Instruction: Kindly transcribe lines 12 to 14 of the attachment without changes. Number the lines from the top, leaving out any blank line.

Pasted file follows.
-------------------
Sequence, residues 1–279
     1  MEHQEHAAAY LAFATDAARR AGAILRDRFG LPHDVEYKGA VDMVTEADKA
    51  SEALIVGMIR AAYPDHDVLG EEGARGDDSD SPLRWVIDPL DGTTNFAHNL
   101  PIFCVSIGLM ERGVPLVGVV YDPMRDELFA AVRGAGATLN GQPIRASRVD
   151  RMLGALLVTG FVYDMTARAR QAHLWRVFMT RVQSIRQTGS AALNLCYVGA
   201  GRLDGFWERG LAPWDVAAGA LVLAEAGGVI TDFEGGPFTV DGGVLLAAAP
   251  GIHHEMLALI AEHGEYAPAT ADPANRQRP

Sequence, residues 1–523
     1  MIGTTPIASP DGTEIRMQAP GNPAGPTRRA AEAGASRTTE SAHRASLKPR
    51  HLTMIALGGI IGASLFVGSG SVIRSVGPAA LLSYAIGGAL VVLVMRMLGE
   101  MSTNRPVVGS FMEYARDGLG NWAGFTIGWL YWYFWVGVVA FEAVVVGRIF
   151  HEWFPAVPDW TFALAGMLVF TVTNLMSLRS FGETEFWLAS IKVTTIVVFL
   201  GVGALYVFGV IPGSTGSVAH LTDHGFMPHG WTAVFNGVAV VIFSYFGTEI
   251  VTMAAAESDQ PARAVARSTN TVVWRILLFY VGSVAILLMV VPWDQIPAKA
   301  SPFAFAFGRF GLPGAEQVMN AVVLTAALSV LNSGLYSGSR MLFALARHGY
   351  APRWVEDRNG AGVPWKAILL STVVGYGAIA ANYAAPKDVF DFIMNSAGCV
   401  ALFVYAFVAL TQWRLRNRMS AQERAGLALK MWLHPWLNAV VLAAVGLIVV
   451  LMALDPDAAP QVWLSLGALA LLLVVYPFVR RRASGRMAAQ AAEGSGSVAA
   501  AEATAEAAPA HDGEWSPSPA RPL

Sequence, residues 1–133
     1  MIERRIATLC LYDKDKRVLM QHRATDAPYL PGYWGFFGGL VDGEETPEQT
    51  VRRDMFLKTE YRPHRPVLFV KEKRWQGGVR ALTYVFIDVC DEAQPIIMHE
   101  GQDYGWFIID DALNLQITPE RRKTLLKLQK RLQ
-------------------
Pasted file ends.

   151  HEWFPAVPDW TFALAGMLVF TVTNLMSLRS FGETEFWLAS IKVTTIVVFL
   201  GVGALYVFGV IPGSTGSVAH LTDHGFMPHG WTAVFNGVAV VIFSYFGTEI
   251  VTMAAAESDQ PARAVARSTN TVVWRILLFY VGSVAILLMV VPWDQIPAKA